United States District Court, E.D. California
CHARLES W. WINDHAM, Plaintiff,
DAVE DAVIES, et al., Defendants.
ORDER DISMISSING COMPLAINT, WITH LEAVE TO AMEND, FOR FAILURE TO STATE A CLAIM (ECF No. 1)
STANLEY A. BOONE, Magistrate Judge.
Plaintiff is a state prisoner appearing pro se and in forma pauperis in this civil rights action pursuant to 42 U.S.C. § 1983. Currently before the Court is Plaintiff's complaint, filed October 7, 2014.
The Court is required to screen complaints brought by prisoners seeking relief against a governmental entity or officer or employee of a governmental entity. 28 U.S.C. § 1915A(a). The Court must dismiss a complaint or portion thereof if the prisoner has raised claims that are legally "frivolous or malicious, " that "fail to state a claim on which relief may be granted, " or that "seek monetary relief against a defendant who is immune from such relief" 28 U.S.C. § 1915(e)(2)(B).
A complaint must contain "a short and plain statement of the claim showing that the pleader is entitled to relief...." Fed.R.Civ.P. 8(a)(2). Detailed factual allegations are not required, but "[t]hreadbare recitals of the elements of a cause of action, supported by mere conclusory statements, do not suffice." Ashcroft v. Iqbal , 556 U.S. 662, 678 (2009) (citing Bell Atlantic Corp. v. Twombly , 550 U.S. 544, 555 (2007)). Moreover, Plaintiff must demonstrate that each defendant personally participated in the deprivation of Plaintiff's rights. Jones v. Williams , 297 F.3d 930, 934 (9th Cir. 2002).
Prisoners proceeding pro se in civil rights actions are entitled to have their pleadings liberally construed and to have any doubt resolved in their favor. Wilhelm v. Rotman , 680 F.3d 1113, 1121 (9th Cir. 2012) (citations omitted). To survive screening, Plaintiff's claims must be facially plausible, which requires sufficient factual detail to allow the Court to reasonably infer that each named defendant is liable for the misconduct alleged. Iqbal , 556 U.S. at 678-79; Moss v. U.S. Secret Service , 572 F.3d 962, 969 (9th Cir. 2009). The "sheer possibility that a defendant has acted unlawfully" is not sufficient, and "facts that are merely consistent with' a defendant's liability" falls short of satisfying the plausibility standard. Iqbal , 556 U.S. at 678; Moss , 572 F.3d at 969.
Plaintiff is a state prisoner housed at California State Prison, Corcoran. Plaintiff brings this action against Warden Dave Davies, and Correctional Officers T. Cano, R. Rubio, and J. Vargas alleging denial of access to the court in violation of the First Amendment, denial of due process in violation of the Fourteenth Amendment and Racketeer Influenced and Corrupt Organizations Act ("RICO") violations, as well as state law claims.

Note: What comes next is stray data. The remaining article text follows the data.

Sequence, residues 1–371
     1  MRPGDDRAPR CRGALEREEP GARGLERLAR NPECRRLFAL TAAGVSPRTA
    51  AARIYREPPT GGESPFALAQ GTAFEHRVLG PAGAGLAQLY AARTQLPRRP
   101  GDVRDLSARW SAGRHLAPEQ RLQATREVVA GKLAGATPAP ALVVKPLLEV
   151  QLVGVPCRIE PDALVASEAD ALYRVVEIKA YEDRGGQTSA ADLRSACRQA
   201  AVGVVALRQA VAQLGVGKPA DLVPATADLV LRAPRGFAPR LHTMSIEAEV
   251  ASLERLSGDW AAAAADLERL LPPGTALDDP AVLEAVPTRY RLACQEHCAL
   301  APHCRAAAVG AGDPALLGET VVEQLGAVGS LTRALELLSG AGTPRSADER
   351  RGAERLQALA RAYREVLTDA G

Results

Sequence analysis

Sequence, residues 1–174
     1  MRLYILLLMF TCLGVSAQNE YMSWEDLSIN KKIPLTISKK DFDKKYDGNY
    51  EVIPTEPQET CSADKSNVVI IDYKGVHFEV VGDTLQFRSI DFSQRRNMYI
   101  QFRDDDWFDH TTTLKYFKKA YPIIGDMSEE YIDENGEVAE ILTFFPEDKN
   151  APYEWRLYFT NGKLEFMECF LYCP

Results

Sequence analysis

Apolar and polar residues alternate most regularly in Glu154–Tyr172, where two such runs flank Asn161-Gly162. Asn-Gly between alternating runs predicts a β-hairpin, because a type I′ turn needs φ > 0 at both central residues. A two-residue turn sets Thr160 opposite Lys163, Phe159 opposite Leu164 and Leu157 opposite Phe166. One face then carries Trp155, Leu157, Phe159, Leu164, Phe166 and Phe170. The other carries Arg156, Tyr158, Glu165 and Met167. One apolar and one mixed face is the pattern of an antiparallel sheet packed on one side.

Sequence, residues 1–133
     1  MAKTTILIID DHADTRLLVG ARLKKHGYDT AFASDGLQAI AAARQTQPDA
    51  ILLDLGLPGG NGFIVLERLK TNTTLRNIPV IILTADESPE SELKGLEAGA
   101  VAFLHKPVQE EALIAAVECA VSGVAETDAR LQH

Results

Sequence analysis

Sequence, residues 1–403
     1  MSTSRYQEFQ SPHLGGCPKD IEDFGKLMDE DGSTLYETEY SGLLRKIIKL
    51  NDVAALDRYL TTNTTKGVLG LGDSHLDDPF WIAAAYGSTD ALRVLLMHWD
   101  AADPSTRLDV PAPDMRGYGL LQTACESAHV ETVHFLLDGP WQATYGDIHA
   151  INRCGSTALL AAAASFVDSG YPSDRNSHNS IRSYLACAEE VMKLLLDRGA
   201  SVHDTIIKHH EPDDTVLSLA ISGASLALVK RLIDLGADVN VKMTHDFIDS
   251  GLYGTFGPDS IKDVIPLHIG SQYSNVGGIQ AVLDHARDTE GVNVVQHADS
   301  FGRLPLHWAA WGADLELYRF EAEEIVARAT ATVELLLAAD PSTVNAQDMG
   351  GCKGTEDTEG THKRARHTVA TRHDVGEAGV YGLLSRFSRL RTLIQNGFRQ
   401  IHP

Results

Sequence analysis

Plaintiff alleges that on September 4, 2014, Defendant Cano was collecting mail and opened and began reading his legal mail. (Compl. ¶¶ 1, 2, ECF No. 1.) When Plaintiff informed Defendant Cano that it was unlawful for him to read Plaintiff's legal mail, Defendant Cano pushed the mail back into the call stating it was not legal mail and he would not accept it. (Id. at ¶ 2.) Plaintiff told Defendant Cano that he was going to write a staff complaint regarding the incident. (Id. at ¶ 3.) Defendant Cano told Plaintiff, "Wait'll we tear your house (i.e. cell) up. This is Corcoran." (Id. at ¶ 4.) Defendant Cano then "flashed the CDCR GreenWall Guard Gang" handsign. (Id.)
The following day, Plaintiff left his cell for his assignment and when he returned at 3:30 p.m. he found that his cell had been trashed; he and his cellmate's items were mixed-up and left in disarray. (Id. at ¶¶ 5, 7.) Another inmate told Plaintiff that Defendant Rubio and Vargas entered his cell with a plastic trash can immediately after he left and began searching and trashing his cell, took a lot of property and discarded it. (Id. at ¶ 6.) Defendants Rubio and Vargas made several trips by Plaintiff's cell and looked in at him while laughing, smiling, and " throwing' Greg Wall Gang" handsigns at Plaintiff. (Id.)
When Defendant Rubio brought search receipts to Plaintiff, he told Plaintiff that Defendant Cano is one of them, and this is Corcoran. (Id. at 119.) When Plaintiff reorganized his cell he noticed that his trial books for his "Borden § 1983 & other cases" were gone. (Id. at ¶ 10.) The trial books had been inside Plaintiff's locker when he left the cell that day for his assignment. (Id. at 11.) Plaintiff requested that Defendants Rubio and Vargas return his trial books, but they refused to do so. (Id. at ¶ 12.)
About September 7, 2014, Plaintiff notified the Central District court that he was unable to prosecute the Bordon § 1983 action due to the trial books that had been taken by Defendants Rubio and Vargas. (Id. at ¶ 17.) Plaintiff contends that, with the dismissal of the Bordon § 1983 action, he has sustained actual injury. (Id. at ¶ 18.)
Section 1983 provides a cause of action for the violation of Plaintiff's constitutional or other federal rights by persons acting under color of state law. Nurre v. Whitehead , 580 F.3d 1087, 1092 (9th Cir 2009); Long v. County of Los Angeles , 442 F.3d 1178, 1185 (9th Cir. 2006); Jones , 297 F.3d at 934. To state a claim, Plaintiff must demonstrate that each defendant personally participated in the deprivation of his rights. Iqbal , 556 U.S. at 678-79; Simmons v. Navajo County, Ariz. , 609 ...